In the FIR (104/2008), Chachoda police station SHO L C Shrivas recorded that on April 7, 2008, they received information that SIMI members were planning a meeting at the house of Rafeeq Moulana in Talheti Mohalla. “During the raid, five persons were apprehended.” Incidentally, the arrested persons were Moulana’s close neighbours. Among various things, the police seized cuttings of Dainik Jagran and Nai Dunia newspapers. Later, a copy of an old SIMI pamphlet protesting the Babri Masjid demolition too was allegedly found. For one of those arrested, Abdul Kadir, the seizure memo said they recovered “a letter written in Urdu (issued by) Darul Aloom Rashidia of Mewat in Rajasthan”. The Darul Aloom is a lawful entity and the letter was a note of introduction for a certain Moulvi Mohammad Usman of Papda, Bharatpur, for collection of donations. The police recorded it as “incriminating material”.

 

Torture in judicial custody: Terror accused seeks permission for suicide



By Abu Zafar 10/3/12,http://www.newzfirst.com

NEW DELHI – Accusing jail authorities of committing gross violation of human rights, a terror accused jailed in a Uttar Pradesh prison has written a letter to his counsel saying that he has no option other than committing suicide.

A Unani Doctor Tarique Qasmi, who has been jailed in Lucknow prison for his alleged involvement in court blasts at Lucknow and Faizabad, in a letter written to his counsel expounded that how terror accused are being subjected to torture and humiliations.

“There are much of humiliations, cruelty and biasness against us; and we don’t find any other option than committing suicide.” the letter reads.

“The inmates are suffering from various diseases like sightlessness, due to prolonged lock-up inside the cell.” he continues.

“Not a single magistrate or senior officer has visited us since last six months. They (jail officials) have fear that we would complain against them. Even our application not being transferred to senior officials.” he said.

“Many of us are extremely frustrated by officials’ non- adherence to jail manuals. Some of us are even asking permission to commit suicide as we are deprived of basic human rights.” Qasmi writes.

Petition filed:

Qasmi’s lawyer Mohamad Shoeb told Newzfirst that he has approached the political leadership and Muslim clerics over the issue; a petition also has been filed in the District Court of Lucknow on 28 September in this regard.

Abdul Hameed Nomani, secretary, Jamiat Ulama-I-Hind said that his organization is looking for more details on the issue. However he discouraged the idea of committing suicide as it goes against basic tenets of Islam.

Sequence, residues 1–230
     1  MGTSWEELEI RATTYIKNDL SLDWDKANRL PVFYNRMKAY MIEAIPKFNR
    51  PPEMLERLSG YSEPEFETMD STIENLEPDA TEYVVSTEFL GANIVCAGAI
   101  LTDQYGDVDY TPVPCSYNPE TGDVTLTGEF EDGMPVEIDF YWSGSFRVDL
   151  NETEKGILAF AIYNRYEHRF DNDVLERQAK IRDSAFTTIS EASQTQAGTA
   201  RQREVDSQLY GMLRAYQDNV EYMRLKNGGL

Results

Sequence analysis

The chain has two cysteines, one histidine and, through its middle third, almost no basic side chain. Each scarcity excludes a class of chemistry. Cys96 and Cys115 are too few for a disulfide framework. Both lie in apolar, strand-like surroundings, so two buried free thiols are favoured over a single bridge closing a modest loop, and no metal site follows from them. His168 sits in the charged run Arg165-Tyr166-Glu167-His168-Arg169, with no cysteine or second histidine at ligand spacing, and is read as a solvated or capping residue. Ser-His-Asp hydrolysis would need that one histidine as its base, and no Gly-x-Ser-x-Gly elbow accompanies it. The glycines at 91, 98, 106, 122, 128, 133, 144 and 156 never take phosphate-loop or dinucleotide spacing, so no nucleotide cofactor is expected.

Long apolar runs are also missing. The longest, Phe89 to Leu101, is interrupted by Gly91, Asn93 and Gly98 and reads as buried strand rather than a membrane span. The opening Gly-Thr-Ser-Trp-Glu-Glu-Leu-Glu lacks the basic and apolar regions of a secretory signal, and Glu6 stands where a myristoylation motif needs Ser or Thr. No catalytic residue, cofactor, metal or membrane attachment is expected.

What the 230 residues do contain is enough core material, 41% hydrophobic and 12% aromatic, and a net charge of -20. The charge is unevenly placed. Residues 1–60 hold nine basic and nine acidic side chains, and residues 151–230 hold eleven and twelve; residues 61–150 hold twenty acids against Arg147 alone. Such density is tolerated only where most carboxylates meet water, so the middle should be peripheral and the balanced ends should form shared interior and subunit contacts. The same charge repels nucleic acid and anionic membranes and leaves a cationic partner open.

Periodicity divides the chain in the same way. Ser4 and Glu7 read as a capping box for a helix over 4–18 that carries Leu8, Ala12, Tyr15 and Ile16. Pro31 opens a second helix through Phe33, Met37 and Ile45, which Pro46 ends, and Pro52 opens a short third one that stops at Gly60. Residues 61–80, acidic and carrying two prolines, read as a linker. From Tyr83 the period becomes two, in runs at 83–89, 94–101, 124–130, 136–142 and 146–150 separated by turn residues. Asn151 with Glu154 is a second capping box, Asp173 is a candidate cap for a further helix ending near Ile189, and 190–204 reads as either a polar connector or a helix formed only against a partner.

“They can protest through democratic means like hunger strike; Islam doesn’t allow suicide at any cost.” Nomani told Newzfirst.

Controversial arrests:

Though the Special Task Force (STF) of Uttar Pradesh arrested Tarique Qasmi on 12 December 2007 from Azamgarh, his arrest was shown after 10 days from the Barabanki Railway Station.

Later the Police had claimed that it arrested the suspects -Tarique Qasmi and Khalid Mujahid – for their alleged involvement in the blasts at Faizabad and Lucknow courts on 23 November 2007 wherein several people had lost the lives. Police also alleged them of being members of a terror organization HUJI.

Inquiry Commission:

Following the massive protests by the people of Uttar Pradesh against the duo, the then Mayawati government had formed a Commission to probe the arrests.

Though the Commission has submitted its report to the Chief Minister Akhilesh Yadav on 3 September 2012, the Government has not yet made the findings public.

2 years, 5 cities, 6 cases – and ‘proof’ everywhere is the same magazine #draconianlaws


Muzamil Jaleel : New Delhi, Wed Sep 26 2012,  Indian Express

On April 16, 2006, Khandwa in Madhya Pradesh was tense. There had been communal clashes a week ago during Eid-e-Milad. In the afternoon, policemen from the Kotwali police station arrested two women, 20-year-old Aasiya and 23-year-old Rafia, daughters of one Abdul Hafiz Qureshi. The police, in their seizure memo, claimed to have recovered “incriminating material” from Aasiya — three copies of an April 2004 issue of a Hindi magazine, Tehrik-e-Millat, and a SIMI donation receipt towards “office construction fund” (receipt no. 0033359, dated January 25, 2006) with the name “Kumari Aashiya Khan” in Hindi for an amount of Rs 500.